Silent Running by Watertank

Release date: September 4, 2020
Label: Atypeek Music

Hailing from Nantes, post-hardcore, noise rockers Watertank caught my eye by declaring their songs would “surely dazzle fans of Torche, Helmet and Quicksand”. I’ve a soft spot for Torche’s ability to blend great pop melody with thick sludgy guitars and there are occasions on Silent Running where you would easily believe it was Torche you were listening to. Superbly recorded and mixed by Patrice Guillerme, the band experienced some line-up changes along the way, but this seems to have been a good thing. Guitarist/singer Thomas Boutet has a superb voice and a ludicrous way with melody, knowingly pitching just the right balance between riffs and tunes.

Hurtling out of the blocks comes opener ‘Envision’, bursting with snappy riffs and honey toned vocals that flitter and fly around effortlessly hooking you in. One part Foo Fighters, one part Torche. The rubbery riff that permeates through ‘Suffogaze’ recalls Betty era Helmet while Thomas comes across like a fired up Perry Farrell. Indeed, the breakdown parts and guitars have the same kind of tender/fury transition that Dave Navarro creates. ‘The Ejector Side’ again leans on the Foo Fighters for inspiration and Jane’s Addiction for the soaring chorus.

Mixing up laid back verses with charged choruses, ‘Silent Running’ teases and pleases in equal measures. ‘Spiritless’ rumbles menacingly in between bursts of math rock tempo changes that stutter and splutter a little too much for my liking, but then the chorus ups the metal content and is as wondrously melodic. If Pixies had more of a metallic urge ‘Timezone’ would potentially be something they’d conjure up, the soothing vocals in the chorus adding a sugary goodness to the mix. The surround sound keyboards add an atmospheric end to the song.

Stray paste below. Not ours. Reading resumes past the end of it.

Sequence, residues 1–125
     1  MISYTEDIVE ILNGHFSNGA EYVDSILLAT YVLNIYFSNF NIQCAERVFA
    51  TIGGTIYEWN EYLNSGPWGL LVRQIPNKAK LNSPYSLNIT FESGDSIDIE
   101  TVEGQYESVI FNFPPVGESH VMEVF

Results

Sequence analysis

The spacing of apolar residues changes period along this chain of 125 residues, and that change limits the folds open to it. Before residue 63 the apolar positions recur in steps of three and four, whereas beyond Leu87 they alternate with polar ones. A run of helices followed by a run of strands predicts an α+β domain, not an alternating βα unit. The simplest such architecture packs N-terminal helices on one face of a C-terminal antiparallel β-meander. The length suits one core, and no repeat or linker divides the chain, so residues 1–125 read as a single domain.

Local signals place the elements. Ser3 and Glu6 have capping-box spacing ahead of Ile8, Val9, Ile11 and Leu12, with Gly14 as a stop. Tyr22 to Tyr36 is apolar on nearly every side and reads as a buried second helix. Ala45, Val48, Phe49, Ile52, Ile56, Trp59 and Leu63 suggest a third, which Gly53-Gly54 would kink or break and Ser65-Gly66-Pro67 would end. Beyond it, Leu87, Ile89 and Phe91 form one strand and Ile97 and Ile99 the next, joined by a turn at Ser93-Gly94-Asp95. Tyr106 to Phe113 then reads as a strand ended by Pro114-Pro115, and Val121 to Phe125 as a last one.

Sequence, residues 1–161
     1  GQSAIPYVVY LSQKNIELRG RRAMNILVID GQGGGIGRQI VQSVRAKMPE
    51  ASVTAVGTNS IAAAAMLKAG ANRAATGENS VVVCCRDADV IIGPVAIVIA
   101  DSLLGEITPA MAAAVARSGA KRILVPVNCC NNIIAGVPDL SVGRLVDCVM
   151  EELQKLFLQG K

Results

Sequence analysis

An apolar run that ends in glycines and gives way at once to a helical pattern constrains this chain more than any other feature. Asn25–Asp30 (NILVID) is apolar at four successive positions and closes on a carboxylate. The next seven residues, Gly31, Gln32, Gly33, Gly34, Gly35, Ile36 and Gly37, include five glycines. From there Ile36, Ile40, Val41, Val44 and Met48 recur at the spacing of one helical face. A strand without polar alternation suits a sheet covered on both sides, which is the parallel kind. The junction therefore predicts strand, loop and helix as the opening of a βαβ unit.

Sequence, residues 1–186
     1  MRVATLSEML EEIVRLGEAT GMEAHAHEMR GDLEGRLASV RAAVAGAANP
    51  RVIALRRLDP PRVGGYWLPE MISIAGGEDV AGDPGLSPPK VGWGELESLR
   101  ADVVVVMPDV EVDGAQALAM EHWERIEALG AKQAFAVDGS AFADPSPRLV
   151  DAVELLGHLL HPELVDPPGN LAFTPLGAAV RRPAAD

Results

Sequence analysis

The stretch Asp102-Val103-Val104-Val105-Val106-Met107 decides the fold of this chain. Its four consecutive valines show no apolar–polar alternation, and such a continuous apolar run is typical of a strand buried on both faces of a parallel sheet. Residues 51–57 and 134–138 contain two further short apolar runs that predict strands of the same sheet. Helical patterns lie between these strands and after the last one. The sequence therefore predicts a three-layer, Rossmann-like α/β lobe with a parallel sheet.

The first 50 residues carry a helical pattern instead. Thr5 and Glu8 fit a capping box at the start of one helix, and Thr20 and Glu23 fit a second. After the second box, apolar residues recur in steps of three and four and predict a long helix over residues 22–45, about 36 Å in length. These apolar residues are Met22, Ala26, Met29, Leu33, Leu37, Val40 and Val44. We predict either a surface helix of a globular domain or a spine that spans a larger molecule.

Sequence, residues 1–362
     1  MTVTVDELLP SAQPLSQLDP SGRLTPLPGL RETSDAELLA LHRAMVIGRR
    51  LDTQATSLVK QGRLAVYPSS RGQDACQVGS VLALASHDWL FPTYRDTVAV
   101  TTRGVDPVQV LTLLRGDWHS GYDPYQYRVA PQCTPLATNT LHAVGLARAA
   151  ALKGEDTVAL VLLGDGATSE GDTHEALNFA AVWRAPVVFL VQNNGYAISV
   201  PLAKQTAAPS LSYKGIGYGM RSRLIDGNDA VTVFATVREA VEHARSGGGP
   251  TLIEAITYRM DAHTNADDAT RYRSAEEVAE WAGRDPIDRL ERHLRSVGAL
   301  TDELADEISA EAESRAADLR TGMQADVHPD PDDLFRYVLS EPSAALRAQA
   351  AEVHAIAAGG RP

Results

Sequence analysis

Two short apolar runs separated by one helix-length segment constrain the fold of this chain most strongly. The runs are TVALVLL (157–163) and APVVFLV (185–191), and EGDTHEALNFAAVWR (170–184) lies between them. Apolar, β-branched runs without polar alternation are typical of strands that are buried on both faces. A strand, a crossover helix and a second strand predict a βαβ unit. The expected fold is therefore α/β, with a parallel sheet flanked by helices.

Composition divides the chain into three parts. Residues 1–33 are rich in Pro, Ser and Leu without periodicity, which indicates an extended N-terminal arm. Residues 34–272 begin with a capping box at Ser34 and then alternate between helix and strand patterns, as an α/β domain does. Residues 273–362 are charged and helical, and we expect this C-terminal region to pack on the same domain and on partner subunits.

You could play me ‘Beholders’ and tell me it was a new Torche song and I would be in raptures. The chunky ascending riffs and surging guitars blend effortlessly with Thomas’s superbly melodic vocal line. ‘Thing of the Past’ leans more in favour of piling on the riffs than creating melody before turning into an interlude of backtracked experimentation. Bouncing along with choppy drums, powerful bass and a ripper of a chorus, ‘Building World’ makes me wonder why Watertank aren’t filling stadiums. (Pretend there is no pandemic and this actually happens).

Finally to the album’s closing track, the clean guitars on ‘Cryptobiosis’ mimics Gene Loves Jezebel’s 80s near-hit ‘Motion of You’ and Def Leppard’s ‘Hysteria’. The soaring chorus is the best of the bunch as it flies high. Throw in some poptastic keyboards and hey presto! there’s a massive hit in the making. It’s a seriously neat trick to pull in so many other songs and spin them into your own thing of wonder. When that saxophone starts squealing, it’s magical and you realise they really are throwing everything into this superb finale to the album.

Watertank are a completely new band to me, Silent Running is their third album and aside from a less than appealing band name and non-descript artwork, they have impressed me a great deal. The world can’t have enough bands like this in my opinion and I heartily recommend Silent Running. If you do indeed like Torche, then Watertank will float your boat as they have a tremendous way with melody and big chunky riffs.

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